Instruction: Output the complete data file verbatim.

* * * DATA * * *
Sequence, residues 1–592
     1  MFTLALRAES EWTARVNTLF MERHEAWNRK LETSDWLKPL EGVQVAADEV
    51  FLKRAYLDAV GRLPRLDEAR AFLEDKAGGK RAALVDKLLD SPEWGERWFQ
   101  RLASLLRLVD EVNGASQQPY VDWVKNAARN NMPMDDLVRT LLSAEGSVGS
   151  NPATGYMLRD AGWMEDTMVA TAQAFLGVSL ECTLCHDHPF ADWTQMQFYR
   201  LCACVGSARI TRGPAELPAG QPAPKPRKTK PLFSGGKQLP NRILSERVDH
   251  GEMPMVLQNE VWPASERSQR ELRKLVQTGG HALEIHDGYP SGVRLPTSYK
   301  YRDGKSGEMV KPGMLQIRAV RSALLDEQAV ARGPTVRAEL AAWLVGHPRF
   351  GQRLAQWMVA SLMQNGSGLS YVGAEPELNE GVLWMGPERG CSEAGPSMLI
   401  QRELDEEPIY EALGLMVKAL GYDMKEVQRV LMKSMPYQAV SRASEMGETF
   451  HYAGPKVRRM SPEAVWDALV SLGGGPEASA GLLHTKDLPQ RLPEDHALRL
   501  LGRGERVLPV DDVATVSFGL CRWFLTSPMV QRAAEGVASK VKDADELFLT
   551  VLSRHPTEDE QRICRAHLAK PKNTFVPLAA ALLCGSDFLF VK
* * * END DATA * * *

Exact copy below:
Sequence, residues 1–592
     1  MFTLALRAES EWTARVNTLF MERHEAWNRK LETSDWLKPL EGVQVAADEV
    51  FLKRAYLDAV GRLPRLDEAR AFLEDKAGGK RAALVDKLLD SPEWGERWFQ
   101  RLASLLRLVD EVNGASQQPY VDWVKNAARN NMPMDDLVRT LLSAEGSVGS
   151  NPATGYMLRD AGWMEDTMVA TAQAFLGVSL ECTLCHDHPF ADWTQMQFYR
   201  LCACVGSARI TRGPAELPAG QPAPKPRKTK PLFSGGKQLP NRILSERVDH
   251  GEMPMVLQNE VWPASERSQR ELRKLVQTGG HALEIHDGYP SGVRLPTSYK
   301  YRDGKSGEMV KPGMLQIRAV RSALLDEQAV ARGPTVRAEL AAWLVGHPRF
   351  GQRLAQWMVA SLMQNGSGLS YVGAEPELNE GVLWMGPERG CSEAGPSMLI
   401  QRELDEEPIY EALGLMVKAL GYDMKEVQRV LMKSMPYQAV SRASEMGETF
   451  HYAGPKVRRM SPEAVWDALV SLGGGPEASA GLLHTKDLPQ RLPEDHALRL
   501  LGRGERVLPV DDVATVSFGL CRWFLTSPMV QRAAEGVASK VKDADELFLT
   551  VLSRHPTEDE QRICRAHLAK PKNTFVPLAA ALLCGSDFLF VK